DOI of Published Version
We present new ²³⁸U-²³⁰Th-²²⁶Ra-²¹⁰Pb and supporting data for young lavas from southwest Pacific island arcs, Eyjafjallajökull, Iceland, and Terceira, Azores. The arc lavas have significant ²³⁸U and ²²⁶Ra excesses, whereas those from the ocean islands have moderate ²³⁰Th and ²²⁶Ra excesses, reflecting mantle melting in the presence of a water-rich fluid in the former and mantle melting by decompression in the latter. Differentiation to erupted compositions in both settings appears to have taken no longer than a few millennia. Variations in the (²¹⁰Pb/²²⁶Ra)₀ values in all settings largely result from degassing processes rather than mineral-melt partitioning. Like most other ocean island basalts, the Terceira basalt has a ²¹⁰Pb deficit, which we attribute to ~8.5 years of steady ²²²Rn loss to a CO₂-rich volatile phase while it traversed the crust. Lavas erupted from water-laden magma systems, including those investigated here, commonly have near equilibrium (²¹⁰Pb/²²⁶Ra)₀ values. Maintaining these equilibrium values requires minimal persistent loss or accumulation of ²²²Rn in a gas phase. We infer that degassing during decompression of water-saturated magmas either causes these magmas to crystallize and stall in reservoirs where they reside under conditions of near stasis, or to quickly rise towards the surface and erupt.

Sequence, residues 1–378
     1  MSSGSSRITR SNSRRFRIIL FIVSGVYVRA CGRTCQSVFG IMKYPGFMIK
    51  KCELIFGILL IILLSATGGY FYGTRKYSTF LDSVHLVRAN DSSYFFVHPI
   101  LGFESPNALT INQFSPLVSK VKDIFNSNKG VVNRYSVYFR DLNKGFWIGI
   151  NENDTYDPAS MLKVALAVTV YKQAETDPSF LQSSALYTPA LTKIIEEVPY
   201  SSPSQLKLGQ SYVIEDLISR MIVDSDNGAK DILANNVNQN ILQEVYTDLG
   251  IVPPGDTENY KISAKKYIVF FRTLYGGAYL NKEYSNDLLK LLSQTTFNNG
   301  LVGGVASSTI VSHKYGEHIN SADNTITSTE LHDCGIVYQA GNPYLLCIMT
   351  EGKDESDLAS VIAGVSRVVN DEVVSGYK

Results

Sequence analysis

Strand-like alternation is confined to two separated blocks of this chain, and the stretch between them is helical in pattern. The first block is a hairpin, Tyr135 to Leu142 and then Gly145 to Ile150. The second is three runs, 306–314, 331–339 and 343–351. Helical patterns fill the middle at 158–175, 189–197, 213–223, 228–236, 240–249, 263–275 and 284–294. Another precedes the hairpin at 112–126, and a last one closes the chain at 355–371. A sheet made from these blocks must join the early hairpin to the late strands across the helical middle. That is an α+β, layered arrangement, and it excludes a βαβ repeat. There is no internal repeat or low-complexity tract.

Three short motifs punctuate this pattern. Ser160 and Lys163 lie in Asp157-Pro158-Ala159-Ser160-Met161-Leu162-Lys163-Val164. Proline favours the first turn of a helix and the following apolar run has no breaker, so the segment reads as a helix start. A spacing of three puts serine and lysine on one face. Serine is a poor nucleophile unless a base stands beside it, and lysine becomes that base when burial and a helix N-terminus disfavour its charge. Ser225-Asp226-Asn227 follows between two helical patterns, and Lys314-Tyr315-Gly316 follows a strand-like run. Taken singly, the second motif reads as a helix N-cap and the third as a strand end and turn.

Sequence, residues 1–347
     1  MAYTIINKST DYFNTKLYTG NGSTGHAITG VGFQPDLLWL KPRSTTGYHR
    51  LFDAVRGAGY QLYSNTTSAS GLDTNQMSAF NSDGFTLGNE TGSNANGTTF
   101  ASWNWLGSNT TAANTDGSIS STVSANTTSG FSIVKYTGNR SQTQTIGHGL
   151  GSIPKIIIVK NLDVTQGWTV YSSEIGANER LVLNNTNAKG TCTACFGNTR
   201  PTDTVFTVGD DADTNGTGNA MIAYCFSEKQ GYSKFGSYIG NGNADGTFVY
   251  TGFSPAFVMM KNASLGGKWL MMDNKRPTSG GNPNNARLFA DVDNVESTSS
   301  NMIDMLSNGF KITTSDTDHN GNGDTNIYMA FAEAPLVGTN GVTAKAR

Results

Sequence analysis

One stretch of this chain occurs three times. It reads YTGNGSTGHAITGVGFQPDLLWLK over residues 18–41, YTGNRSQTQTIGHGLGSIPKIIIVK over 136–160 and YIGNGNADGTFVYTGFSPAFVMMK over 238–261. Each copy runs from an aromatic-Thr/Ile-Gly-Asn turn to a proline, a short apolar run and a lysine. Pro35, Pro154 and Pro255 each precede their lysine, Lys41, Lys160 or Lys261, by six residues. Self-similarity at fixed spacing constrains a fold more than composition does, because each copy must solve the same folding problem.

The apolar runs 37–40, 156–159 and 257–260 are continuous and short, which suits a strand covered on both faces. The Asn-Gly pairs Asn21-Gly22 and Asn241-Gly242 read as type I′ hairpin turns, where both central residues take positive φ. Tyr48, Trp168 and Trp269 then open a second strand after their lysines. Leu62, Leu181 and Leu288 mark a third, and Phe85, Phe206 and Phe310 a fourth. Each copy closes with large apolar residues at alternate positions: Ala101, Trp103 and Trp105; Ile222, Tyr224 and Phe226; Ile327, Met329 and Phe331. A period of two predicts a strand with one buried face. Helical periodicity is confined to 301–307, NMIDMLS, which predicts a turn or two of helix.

OAfund, 210Pb, 226Ra, basalt, andesite, dacite, rhyolite, U-series
Journal Article Version
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Scientific Reports volume 7, Article number: 45186 (2017) https://doi.org/10.1038/srep45186
© The Authors 2017
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This work is licensed under a Creative Commons Attribution 4.0 License.